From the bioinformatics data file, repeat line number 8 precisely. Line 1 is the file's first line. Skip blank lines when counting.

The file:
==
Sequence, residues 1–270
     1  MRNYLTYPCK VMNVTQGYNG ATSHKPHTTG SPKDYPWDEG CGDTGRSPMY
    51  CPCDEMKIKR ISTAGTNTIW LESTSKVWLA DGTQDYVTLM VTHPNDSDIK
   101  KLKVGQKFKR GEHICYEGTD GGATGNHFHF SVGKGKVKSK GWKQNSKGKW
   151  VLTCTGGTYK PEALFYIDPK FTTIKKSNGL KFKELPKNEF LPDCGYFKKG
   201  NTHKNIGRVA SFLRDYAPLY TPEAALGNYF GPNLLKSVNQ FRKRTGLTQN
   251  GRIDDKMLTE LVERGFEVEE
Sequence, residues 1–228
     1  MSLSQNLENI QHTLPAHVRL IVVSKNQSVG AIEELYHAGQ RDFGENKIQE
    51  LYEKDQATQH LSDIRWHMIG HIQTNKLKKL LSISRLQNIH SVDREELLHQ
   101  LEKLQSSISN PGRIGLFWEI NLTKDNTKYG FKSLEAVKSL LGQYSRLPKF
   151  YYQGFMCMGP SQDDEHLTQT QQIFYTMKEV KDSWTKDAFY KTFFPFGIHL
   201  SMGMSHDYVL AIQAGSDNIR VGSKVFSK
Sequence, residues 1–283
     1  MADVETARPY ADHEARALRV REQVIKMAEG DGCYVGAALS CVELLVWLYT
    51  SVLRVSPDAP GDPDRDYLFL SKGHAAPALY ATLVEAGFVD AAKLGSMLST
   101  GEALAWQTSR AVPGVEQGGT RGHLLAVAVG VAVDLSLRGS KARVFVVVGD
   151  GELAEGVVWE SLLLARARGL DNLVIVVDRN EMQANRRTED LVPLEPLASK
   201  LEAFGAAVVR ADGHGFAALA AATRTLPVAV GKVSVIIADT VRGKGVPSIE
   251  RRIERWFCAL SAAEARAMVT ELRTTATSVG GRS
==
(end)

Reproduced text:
Sequence, residues 1–228